• Personal injury protection: Also known as PIP, this coverage pays medical bills, funeral expenses, child care expenses, lost wages and other similar expenses, regardless of who caused the accident. PIP is not available in all states and where it is available, it may be required or optional. Also, not all states that mandate PIP also require a deductible.
  • Uninsured/underinsured motorist property damage coverage: If you're involved in an accident and the other driver is at fault, but they either don't have enough coverage to pay your property damage expenses or they're not insured at all, this coverage will kick in. Depending on where you live, you may or may not be required to get this coverage. Deductible requirements can also vary by state.

If you're not sure what's required where you live and what to expect, contact your state insurance department to get the correct details.

What to Consider When Choosing Your Auto Insurance Deductible

Picking a deductible for your auto insurance policy can be a stressful experience. If you go too low, you could end up paying a higher premium. But if you go too high, it could be financially devastating if you have to file a claim.

To help you make the right choice for you, here are some things to consider:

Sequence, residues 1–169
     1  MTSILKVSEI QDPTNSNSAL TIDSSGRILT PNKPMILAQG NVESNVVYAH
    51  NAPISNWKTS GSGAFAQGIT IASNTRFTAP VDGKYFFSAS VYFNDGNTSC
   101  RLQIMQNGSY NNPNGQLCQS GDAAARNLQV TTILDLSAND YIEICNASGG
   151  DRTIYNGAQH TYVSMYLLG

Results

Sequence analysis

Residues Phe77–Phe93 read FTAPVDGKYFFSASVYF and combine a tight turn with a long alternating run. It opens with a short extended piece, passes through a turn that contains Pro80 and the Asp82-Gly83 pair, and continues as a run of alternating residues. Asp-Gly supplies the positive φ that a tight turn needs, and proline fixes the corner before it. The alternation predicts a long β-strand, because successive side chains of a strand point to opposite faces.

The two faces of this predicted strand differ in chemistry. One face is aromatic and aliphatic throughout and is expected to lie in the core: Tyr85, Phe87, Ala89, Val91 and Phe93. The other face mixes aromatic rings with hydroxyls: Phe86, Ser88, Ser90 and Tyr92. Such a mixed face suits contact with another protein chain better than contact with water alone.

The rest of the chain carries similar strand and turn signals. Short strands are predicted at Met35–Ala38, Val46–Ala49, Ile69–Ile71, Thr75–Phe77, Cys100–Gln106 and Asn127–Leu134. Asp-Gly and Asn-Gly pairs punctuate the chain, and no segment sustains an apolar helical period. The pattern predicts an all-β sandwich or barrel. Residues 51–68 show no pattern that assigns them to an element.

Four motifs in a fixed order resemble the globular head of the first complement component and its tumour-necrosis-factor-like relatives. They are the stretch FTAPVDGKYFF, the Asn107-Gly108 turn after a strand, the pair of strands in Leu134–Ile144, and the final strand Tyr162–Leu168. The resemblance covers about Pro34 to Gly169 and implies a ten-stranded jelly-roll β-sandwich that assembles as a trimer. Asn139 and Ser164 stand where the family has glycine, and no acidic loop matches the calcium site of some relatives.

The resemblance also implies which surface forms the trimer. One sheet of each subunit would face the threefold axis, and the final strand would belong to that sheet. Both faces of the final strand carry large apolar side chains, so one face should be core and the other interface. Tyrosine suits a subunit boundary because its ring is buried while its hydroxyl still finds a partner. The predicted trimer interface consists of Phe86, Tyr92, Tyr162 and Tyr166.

• Your emergency fund: A large emergency fund may allow you to afford a big deductible, which could help you save on monthly insurance costs. If you don't have a big buffer, though, you may want to opt for a lower deductible.
  • Your lender: If you've financed your vehicle, your lender may require certain types of coverage and limits on deductible amounts. So while you may be able to afford a higher deductible, your lender may not allow it.
  • The risk of getting in an accident: If you've gotten in several accidents in the recent past, you could be at a higher risk of getting in another one, and a lower deductible may be a better option. Also, consider where you live—people in urban areas are more likely to get in an accident than people in rural areas because traffic is more prevalent.
  • The value of your vehicle: If your car is only worth a couple thousand dollars, you may question whether you need collision or comprehensive insurance, along with their deductibles, at all.

There's no one-size-fits-all solution for everybody, so it's important to consider these factors and other aspects of your situation to choose the right deductible for you.

Other Ways to Save on Car Insurance

Choosing the right deductible can give you a good balance between saving on your monthly rate and the amount you owe when you file a claim. But it's not the only way to have some control over your car insurance rates.

Other ways to save on car insurance include:

  • Shopping around and comparing quotes from multiple insurers
  • Applying discounts that you qualify for
  • Making changes to coverage amounts
  • Improving your credit score

Insurance companies in most states use your credit report to create what's called a credit-based insurance score. They then use this score to help determine your rate. By monitoring your credit and taking steps to address potential issues, you could improve your chances of scoring lower insurance rates.